Hail season is upon us and we’ve already seen significant weather events this past March and April. Wicked storms that dropped large hail in Norman, Oklahoma, and San Antonio and Fort Worth, Texas, on April 28, are projected to have caused more than $3.5 billion in damages. Residents were forced to take shelter inside as the massive hail bombarded the areas. In mid-April, severe weather storms dropped large hail on an Alabama coastal city and leveled buildings in the Florida Panhandle.
In 2020, according to a report issued by Verisk Analytics, more than 6.2 million properties in the U.S. were affected by one or more damaging hail events in 2020. The Verisk report also indicates that, while the vulnerable region historically known as “hail alley” (stretching from Wyoming to Texas) remains under threat, the footprint of significant hail exposure has been expanding over time, demanding attention in all states.
How Hail is Formed
Hail is a form of precipitation — like rain or snow — that is made up of solid ice. Hailstones are formed when rain droplets are carried upwards by a current of air, called an updraft, during thunderstorms. The stronger the thunderstorm, the larger the hail can get, according to Weather.com. While the biggest hail is often associated with severe thunderstorms in the Plains and Southeast from February in June/July, hail is also common in the cooler season along the West Coast as storm systems take advantage of the winter cold air.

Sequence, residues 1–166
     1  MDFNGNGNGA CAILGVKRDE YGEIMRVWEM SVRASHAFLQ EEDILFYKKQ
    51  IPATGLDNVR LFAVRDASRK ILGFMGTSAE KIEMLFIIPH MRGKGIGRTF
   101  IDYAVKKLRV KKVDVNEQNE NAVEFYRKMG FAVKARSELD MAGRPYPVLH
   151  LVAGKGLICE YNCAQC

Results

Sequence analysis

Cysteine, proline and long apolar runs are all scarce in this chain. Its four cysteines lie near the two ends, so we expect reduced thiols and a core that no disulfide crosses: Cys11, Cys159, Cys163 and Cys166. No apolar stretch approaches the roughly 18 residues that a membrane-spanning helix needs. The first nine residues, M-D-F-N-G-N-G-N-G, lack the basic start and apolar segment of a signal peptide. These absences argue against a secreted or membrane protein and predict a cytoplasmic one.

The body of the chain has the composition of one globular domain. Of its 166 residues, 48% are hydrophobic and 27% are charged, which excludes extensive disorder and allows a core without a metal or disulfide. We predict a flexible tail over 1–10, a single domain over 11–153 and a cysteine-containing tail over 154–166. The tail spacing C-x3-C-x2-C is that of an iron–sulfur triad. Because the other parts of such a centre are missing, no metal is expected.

So how do you mitigate hail risks and protect properties against hail damage and mitigate hail risks?
- Considering that the roof is the most exposed element in the event of a hailstorm, property owners should inspect their roofs often. Replace any worn materials or other weak areas to ensure that leaks don’t occur during a future storm.
- Contact a professional roofer and learn about the best impact-resistant materials suitable for the building – whether it’s a commercial property, multifamily structure, a single-family home, or apartment complex. The most efficient roofing materials when it comes to impact resistance are metal and slate. Another feature that may increase or decrease the possibility that the roof is damaged by hail is the slope. A steep-sloped roof reduces overall hail damage.
- For businesses constructing new facilities or re-roofing, installing impact-resistant roof coverings should also be considered. Roof damage can lead to extensive water damage inside a building and, in some cases, disrupt service, both of which can be costly for a business.
- Use hail guards to mitigate damage to HVAC units on the roof, shields to protect AC coils, and protective screens on skylights.
- A building’s façade may also get hail damage, in the event of a severe hailstorm. Consider protecting the walls with quality siding material. Install impact-resistant windows.
Talk to both your commercial and personal insureds about the need for proper coverage to mitigate hair risks and protect against wind and hail damage. Review specific language and policy deductibles with those located in high-risk areas.